They washed down all this Pacific food with Australian wines, Papua New Guinea coffee and Fiji’s famous bottled mineral water — while enjoying performances by Australian didgeridoo player Cameron McCarthy, New Zealand’s Kahurangi professional Maori dancers as well as dance groups from Samoa, Fiji and Hawaii.
Esther Brimmer, assistant U.S. secretary of state for international organization affairs, said no one should doubt that the United States is itself a Pacific nation in every sense of the word. She pointed out that Clinton’s first foreign trip in 2009 was not to Europe but Asia — a first for secretaries of state.
In addition, Obama was the first president to participate in the East Asia Summit. However, she said, the American commitment to security, development and economic growth is not new.
“The Obama administration has embraced that commitment and strengthened it, but it did not begin in 2009. Since the 19th century, the United States has been a Pacific nation, and we are proud to share this heritage with so many other countries,” she said. “We recognize that more than ever before, the U.S. economy and our national security are intertwined with the rest of the world, especially with the Asia-Pacific region.”
Besides the food, dancing and speeches, Pacific Day also featured a wide-ranging discussion moderated by Ernie Bower of CSIS. Panelists included two permanent representatives to the United Nations: Papua New Guinea’s Robert Aisi, who also chairs the Pacific Small Island Developing States Group, and Nauru’s Marlene Moses, chairwoman of the 43-member Alliance of Small Island States.
The four other panelists were Durwood Zealke, president of the Institute for Governance and Sustainable Development; Kate Brown, coordinator of the Global Island Partnership; Patrizia Tumbarello, head of the Pacific Islands Unit at the International Monetary Fund, and Eddie Walsh, a non-resident fellow at the CSIS Pacific Forum.
The islands of the Pacific, argued Walsh, cannot think of their security interests without considering Asia. The two security complexes “are deeply integrated and therefore require a comprehensive policy approach,” he said.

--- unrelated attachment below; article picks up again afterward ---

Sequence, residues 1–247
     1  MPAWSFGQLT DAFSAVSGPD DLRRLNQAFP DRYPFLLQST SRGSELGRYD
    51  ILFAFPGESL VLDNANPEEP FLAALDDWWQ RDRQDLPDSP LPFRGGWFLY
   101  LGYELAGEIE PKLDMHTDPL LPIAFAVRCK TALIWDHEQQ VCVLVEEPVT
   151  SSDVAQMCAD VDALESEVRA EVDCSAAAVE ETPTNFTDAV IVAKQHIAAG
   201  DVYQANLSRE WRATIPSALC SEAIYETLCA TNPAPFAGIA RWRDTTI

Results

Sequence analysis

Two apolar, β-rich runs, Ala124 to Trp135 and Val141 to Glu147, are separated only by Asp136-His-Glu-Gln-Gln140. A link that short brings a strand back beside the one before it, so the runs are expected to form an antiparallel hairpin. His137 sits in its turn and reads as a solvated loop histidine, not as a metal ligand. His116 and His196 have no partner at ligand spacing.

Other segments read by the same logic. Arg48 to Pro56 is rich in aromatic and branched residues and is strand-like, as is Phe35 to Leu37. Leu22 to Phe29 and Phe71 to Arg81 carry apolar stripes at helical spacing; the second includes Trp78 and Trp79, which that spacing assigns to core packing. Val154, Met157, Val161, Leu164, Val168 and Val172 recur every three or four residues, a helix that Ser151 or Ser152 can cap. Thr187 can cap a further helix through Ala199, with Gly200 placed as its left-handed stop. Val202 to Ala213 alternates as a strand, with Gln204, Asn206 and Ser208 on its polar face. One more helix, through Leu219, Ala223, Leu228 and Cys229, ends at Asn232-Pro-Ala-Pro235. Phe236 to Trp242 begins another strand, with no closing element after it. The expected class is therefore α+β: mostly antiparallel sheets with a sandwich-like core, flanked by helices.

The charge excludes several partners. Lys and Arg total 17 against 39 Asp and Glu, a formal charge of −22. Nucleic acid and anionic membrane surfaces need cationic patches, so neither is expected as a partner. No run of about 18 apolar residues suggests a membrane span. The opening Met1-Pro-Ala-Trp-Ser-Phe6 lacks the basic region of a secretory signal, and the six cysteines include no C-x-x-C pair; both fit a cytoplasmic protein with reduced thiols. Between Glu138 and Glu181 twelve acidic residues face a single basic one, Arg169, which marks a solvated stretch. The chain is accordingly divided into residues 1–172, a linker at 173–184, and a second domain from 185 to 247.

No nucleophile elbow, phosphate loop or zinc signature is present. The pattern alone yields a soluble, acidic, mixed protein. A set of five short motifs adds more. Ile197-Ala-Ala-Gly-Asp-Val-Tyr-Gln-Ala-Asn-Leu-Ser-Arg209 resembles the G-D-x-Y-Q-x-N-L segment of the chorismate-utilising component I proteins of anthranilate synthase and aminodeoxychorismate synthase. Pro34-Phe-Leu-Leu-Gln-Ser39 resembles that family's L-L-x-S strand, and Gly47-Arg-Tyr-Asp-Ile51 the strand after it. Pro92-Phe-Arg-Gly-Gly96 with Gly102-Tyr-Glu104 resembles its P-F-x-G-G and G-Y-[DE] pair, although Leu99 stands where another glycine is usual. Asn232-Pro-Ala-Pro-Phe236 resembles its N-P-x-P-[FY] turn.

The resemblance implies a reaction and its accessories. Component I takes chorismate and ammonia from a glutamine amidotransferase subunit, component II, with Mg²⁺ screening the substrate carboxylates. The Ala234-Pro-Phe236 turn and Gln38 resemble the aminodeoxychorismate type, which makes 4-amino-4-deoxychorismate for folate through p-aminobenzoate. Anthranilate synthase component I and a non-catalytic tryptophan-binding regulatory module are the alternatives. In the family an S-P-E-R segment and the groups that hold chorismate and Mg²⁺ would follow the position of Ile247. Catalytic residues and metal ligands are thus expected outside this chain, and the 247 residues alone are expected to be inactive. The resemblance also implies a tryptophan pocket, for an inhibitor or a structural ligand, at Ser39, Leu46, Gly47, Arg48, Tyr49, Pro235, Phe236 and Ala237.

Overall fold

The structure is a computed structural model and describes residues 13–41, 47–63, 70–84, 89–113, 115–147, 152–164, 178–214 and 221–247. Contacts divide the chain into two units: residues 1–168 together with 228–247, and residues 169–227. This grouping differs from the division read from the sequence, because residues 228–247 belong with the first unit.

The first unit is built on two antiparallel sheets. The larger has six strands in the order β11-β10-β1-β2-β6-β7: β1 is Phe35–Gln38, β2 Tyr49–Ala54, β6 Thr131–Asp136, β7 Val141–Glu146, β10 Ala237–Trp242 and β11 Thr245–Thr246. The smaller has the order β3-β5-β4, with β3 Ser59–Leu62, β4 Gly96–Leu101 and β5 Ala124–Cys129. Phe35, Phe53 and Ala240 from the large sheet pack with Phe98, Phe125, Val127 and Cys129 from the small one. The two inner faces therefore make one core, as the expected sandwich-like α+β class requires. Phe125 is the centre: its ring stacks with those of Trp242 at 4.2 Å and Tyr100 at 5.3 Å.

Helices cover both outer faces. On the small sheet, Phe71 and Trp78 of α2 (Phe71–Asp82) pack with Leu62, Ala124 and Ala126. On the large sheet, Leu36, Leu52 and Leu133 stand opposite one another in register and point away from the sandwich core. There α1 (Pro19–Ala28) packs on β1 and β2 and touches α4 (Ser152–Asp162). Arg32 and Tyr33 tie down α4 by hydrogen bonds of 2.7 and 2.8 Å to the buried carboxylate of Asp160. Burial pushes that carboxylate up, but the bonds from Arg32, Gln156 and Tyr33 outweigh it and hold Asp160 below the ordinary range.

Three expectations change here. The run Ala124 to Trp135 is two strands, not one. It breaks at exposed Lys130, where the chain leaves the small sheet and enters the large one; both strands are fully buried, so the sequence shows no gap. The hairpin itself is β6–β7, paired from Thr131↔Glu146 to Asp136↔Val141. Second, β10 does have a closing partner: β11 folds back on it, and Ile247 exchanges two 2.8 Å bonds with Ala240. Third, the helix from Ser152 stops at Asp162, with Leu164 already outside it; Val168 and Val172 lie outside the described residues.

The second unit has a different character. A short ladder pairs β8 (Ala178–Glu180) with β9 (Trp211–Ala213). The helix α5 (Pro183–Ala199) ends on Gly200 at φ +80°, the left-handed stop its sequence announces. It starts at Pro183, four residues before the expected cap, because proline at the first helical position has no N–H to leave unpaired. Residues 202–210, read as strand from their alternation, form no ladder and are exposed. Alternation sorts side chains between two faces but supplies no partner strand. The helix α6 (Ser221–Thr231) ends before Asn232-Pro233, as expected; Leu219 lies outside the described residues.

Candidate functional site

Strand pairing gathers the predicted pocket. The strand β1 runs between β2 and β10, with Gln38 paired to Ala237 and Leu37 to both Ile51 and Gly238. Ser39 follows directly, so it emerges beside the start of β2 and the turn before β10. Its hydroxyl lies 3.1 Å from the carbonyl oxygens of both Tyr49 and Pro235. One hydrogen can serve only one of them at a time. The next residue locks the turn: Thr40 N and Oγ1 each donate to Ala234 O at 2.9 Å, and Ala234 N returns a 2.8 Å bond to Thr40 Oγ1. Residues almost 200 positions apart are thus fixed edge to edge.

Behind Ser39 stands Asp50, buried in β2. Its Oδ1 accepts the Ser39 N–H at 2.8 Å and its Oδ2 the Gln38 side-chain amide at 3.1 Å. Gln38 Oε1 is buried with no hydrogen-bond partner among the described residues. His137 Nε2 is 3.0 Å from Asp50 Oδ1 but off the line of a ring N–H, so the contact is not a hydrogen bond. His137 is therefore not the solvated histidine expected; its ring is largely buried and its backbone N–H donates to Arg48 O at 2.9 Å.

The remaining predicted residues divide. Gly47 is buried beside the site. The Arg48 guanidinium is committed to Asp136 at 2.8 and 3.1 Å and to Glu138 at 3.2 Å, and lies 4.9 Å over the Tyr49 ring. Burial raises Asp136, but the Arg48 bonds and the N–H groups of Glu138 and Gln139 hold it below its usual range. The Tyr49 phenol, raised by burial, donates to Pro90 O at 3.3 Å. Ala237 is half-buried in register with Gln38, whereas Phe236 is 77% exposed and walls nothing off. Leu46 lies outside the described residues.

Likewise, “Pacific countries will need to figure out how to take advantage of competition between China and the U.S.-Japan-Australia-New Zealand alliance without destabilizing themselves and the region. This is the region’s top security puzzle.”
And when it comes to economics, said the IMF’s Tumbarello, Pacific islands are at a disadvantage because of their small populations and lack of a diversified export base.
“They are particularly subject to commodity price shocks, which has added extra challenges,” she said. “But they also have large opportunities. One is geographic location. They are regionally integrated with Australia, New Zealand, the United States and the emerging markets of Asia. We think this provides resilience to shocks more than for islands of the Caribbean, whose business cycle is related to economies that have not been doing as well as Asia.”
In fact, the Pacific region’s trade with China has shot up seven-fold since 2000, and for some countries like the Solomon Islands, China is now the top trading partner.
Going forward, Tumbarello sees two main challenges: to build up resilience to shocks, including natural disasters and climate change.
“Countries should save for rainy days,” she advised. “They also need to foster inclusive growth that benefits all sectors of the economy and creates jobs. For commodity exporters like the Solomon Islands and Papua New Guinea, that means having the right tax system so governments can raise the right amount of revenues. For others, it means to prioritize better. It’s very hard to pass structural reforms when countries are in recession.”